There were the occasional good reviews such as: For Les Mis fan devotees, The Pirate Queen will be no disappointment. The stirring score once again inspires the under classes to rise up … The Gaelic undertones of the score are a welcome touch without being overdone, giving a soft lilting feel to the ballads. (Andrea Carpenter, New York Theatre Guide), and: Bravura performance and thespian fireworks. It may be the most beautiful musical I have ever seen. (Richard Ouzounian, Toronto Star)

Meanwhile, Mike Murphy for The Irish Times, attempted to explain the generally negative response: The team who created Riverdance, John McColgan and Moya Doherty, have audiences rising to their feet nightly on Broadway in a wave of appreciation for a brand new show, The Pirate Queen. And it has been like that throughout the reviews at the Hilton Theatre. The official opening night last Thursday was no different. Those of us who have attended countless opening nights could attest to the genuine enthusiasm of the audience as they rose and cheered and clapped. The audience, mainly American, just loved the show.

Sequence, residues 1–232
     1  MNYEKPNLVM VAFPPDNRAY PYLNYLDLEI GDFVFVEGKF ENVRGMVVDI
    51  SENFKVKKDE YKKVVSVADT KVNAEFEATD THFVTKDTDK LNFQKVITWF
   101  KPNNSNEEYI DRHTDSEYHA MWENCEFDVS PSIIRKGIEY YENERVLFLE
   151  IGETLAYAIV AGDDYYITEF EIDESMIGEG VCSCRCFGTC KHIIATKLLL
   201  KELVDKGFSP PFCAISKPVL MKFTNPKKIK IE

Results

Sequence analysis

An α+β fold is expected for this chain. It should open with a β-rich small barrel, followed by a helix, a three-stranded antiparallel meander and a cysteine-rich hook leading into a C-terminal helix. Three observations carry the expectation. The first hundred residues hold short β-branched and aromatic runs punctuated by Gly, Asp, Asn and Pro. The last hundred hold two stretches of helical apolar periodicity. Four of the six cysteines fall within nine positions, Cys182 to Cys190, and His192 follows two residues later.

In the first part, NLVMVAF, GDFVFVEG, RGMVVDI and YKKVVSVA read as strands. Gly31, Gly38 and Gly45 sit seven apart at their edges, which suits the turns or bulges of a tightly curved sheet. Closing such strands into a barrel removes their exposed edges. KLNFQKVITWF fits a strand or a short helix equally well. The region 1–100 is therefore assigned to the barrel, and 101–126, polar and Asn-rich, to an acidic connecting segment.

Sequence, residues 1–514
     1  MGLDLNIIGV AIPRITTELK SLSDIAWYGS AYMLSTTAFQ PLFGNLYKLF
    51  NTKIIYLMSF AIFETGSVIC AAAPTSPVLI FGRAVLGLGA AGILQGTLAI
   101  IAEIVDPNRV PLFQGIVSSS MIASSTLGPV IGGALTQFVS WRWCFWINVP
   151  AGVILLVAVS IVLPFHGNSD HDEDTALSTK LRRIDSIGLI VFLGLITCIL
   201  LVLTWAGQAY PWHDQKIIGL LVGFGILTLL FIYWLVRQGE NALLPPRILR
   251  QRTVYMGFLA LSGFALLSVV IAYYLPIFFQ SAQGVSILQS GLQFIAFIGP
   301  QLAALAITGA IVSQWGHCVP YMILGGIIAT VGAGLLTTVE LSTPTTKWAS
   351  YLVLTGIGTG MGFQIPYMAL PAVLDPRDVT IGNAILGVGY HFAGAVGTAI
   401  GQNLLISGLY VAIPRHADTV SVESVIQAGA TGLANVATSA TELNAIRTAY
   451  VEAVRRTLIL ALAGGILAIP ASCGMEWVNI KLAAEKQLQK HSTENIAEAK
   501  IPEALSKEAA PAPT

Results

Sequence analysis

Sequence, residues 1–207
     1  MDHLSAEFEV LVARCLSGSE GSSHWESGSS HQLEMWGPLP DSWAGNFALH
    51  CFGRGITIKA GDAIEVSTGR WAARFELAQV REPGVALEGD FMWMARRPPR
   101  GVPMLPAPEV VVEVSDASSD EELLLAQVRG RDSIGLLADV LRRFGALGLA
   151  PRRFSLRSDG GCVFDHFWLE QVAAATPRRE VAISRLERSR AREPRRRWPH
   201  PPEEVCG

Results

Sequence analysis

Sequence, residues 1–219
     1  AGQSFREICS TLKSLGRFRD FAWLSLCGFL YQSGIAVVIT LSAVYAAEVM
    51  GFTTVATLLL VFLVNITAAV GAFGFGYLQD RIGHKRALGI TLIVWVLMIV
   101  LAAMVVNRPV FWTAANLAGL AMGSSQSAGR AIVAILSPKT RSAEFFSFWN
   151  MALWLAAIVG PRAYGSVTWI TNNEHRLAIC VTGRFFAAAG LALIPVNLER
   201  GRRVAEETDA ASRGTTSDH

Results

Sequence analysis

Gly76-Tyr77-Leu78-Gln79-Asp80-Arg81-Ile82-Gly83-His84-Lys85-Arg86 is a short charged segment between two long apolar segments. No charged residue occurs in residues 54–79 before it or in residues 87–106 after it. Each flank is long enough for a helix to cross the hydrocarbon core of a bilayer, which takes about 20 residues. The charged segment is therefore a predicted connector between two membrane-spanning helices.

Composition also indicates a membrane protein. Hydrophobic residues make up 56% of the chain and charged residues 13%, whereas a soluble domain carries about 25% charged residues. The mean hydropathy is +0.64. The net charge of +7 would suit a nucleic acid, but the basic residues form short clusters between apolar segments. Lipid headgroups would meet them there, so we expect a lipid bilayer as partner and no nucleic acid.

But next morning the critics waded in. Having read the first batch of reviews I was struck as much by the vitriolic tone as I was by the overall negativity. Had we attended the same show in the same theatre on the same night? Were those who lauded what they had witnessed indiscriminating and naïve? Are there reasons for this critic/audience dichotomy?

When Riverdance arrived on Broadway a decade ago it was already an international phenomenon … a magical music magnet for audiences of all ages and cultures. The manner of its emergence had, in effect, by-passed the critics. Audiences had voted with ticket purchases, the critics and their reviews were largely irrelevant. They carried little, if any influence. Prior to Riverdance, Alain Boublil and Claude-Michel Schönberg had likewise paraded onto Broadway with Les Misérables and Miss Saigon, both already major hits on London’s West End and both eagerly awaited by theatre-goers in America. Again the critics were marginalized.

Then last week we saw the combination of eminently successful composers (Boublil and Schönberg) and producers (McColgan and Doherty) arriving in town – this time, ostensibly, needing a positive critical reaction. Was the temptation too inviting for the “wielders of the lethal pen”?